So, going back to the original question for just the 2 doors which is the topic:

Btw, you're the one that twice inserted the 100 door scenario without any apparent connection to the problem at hand:

For a single door then electrified panic is the better choice but when you are doing 100 doors.

However, the Von Duprin bar might cost $2000 and the strike costs $300. Multiply that times 100 doors and guess what...you get the job just because you came in $200,000 cheaper.

this is not math class...

Look, you told me to take the difference between $2000 and $300, multiply by 100, and guess. I did.

Yikes. This is the hottest discussion about removable mullions ever. I like it.

Guess I got carried away then since I am so into removable mullions. Next time I'll keep to point and make sure all my numbers are correct and all of my i's are dotted properly. I'll take everything back and just reply like this:

"If it is in your budget and want to do it properly install a good quality electrified panic device from Von Duprin or other similar manufacturer. It will be the most costly option but it will be more reliable in the long term and will be easier to operate if you will be removing the mullion often. However, if it is removed only once in awhile you can save yourself a lot of money in the hardware and installation costs by simply installing a surface mounted electric strike on the mullion itself. If you take care in removing the disconnect wiring then you should have years of trouble free operation and save yourself some money in the process. As part of a large job we were instructed by the contractor to install electric strikes in place of electrified panic devices and they have been working very well ever since."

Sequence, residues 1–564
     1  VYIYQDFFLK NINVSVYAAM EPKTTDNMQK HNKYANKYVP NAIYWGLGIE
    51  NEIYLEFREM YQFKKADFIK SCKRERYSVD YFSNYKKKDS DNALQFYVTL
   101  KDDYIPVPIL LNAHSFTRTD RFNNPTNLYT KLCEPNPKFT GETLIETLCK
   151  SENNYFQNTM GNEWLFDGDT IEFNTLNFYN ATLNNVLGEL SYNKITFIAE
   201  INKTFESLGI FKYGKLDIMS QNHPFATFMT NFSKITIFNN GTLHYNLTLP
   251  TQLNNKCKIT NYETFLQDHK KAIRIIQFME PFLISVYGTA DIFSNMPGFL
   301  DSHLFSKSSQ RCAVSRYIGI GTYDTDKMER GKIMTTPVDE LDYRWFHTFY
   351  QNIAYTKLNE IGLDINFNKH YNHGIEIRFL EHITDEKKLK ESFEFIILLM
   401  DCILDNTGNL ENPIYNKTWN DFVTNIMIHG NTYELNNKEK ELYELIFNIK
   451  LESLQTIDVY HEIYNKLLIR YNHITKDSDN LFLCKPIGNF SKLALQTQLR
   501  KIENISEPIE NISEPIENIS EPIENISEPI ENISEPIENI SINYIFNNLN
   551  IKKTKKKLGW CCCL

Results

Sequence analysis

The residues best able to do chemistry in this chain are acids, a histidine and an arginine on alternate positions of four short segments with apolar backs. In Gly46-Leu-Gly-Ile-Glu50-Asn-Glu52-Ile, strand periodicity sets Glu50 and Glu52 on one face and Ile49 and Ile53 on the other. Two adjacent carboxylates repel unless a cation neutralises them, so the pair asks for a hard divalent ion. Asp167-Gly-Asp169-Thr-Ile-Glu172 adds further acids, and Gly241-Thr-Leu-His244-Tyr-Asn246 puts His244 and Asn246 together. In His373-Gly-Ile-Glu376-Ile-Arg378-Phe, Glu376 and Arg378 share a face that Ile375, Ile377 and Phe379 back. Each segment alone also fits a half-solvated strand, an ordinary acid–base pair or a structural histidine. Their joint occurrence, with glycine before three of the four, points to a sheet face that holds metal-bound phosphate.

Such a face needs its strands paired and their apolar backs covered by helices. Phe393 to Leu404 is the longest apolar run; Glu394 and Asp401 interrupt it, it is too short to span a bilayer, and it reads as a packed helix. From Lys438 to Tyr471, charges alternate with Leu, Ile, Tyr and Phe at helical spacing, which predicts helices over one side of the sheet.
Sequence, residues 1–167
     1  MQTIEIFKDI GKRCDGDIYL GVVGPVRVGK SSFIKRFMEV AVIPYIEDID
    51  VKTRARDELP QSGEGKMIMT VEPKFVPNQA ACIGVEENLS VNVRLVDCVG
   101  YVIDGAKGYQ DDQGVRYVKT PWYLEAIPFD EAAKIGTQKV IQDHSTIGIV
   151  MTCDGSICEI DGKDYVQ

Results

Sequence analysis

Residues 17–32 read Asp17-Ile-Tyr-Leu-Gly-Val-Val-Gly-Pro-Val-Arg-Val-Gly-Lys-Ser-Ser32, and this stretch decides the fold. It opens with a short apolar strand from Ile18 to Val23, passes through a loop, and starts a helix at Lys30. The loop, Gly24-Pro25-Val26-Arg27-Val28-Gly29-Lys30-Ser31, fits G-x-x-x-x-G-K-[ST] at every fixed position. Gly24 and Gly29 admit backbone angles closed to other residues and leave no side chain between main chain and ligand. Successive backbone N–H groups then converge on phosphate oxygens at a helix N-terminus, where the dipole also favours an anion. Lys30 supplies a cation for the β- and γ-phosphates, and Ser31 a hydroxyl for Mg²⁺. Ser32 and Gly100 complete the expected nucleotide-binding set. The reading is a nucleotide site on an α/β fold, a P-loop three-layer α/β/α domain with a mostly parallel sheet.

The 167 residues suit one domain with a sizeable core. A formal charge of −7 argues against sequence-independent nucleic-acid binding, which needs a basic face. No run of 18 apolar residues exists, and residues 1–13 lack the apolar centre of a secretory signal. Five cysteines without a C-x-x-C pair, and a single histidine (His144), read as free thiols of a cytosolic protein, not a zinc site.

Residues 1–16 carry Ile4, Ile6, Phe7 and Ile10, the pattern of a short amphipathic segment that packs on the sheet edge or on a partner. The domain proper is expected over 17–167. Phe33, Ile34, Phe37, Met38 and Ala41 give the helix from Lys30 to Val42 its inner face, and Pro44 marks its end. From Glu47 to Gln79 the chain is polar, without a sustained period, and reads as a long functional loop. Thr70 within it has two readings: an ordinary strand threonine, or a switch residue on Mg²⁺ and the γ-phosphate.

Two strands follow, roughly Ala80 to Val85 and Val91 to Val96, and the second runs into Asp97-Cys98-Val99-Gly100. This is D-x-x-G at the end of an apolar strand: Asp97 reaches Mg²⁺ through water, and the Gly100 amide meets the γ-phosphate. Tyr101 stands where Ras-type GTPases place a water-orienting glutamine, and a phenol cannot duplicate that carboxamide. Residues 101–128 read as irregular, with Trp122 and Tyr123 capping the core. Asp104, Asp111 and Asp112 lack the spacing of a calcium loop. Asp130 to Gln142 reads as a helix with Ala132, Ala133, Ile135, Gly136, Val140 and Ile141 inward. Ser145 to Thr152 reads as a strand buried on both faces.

Like several point out and maybe a strong negative to weigh:

My experience with removable mullions is finding the key to unlock/remove them is always a comedy of errors. The key often gets lost or tossed, and the lock is never pinned to match the other locks/keying systems. So a simple job that should take a few minutes turns into a locksmith service call.

There is nothing wrong with using an electric strike on a mullion other than it will be destroyed if its used for shipping and receiving. If not and it is just for general use (people only) then a strike on the mullion is fine, especially if you know you wont ever take the mullion down.

it is "preferred" to use a "crash bar/ panic bar" to meet the single action egress laws for ADA. but this can be done with a strike and lock set (along with a few more components) sometimes cheaper. and their will be issues if the mullion or any of the pieces get out of alignment.

and that Brian Rhodes guy being all inflammatory with that comment about heated mullions.........

and that Brian Rhodes guy being all inflammatory with that comment about heated mullions.........

Let's not forget the real agent provocateur here, Jason, with his seemingly innocent, but heavily loaded initial question. :)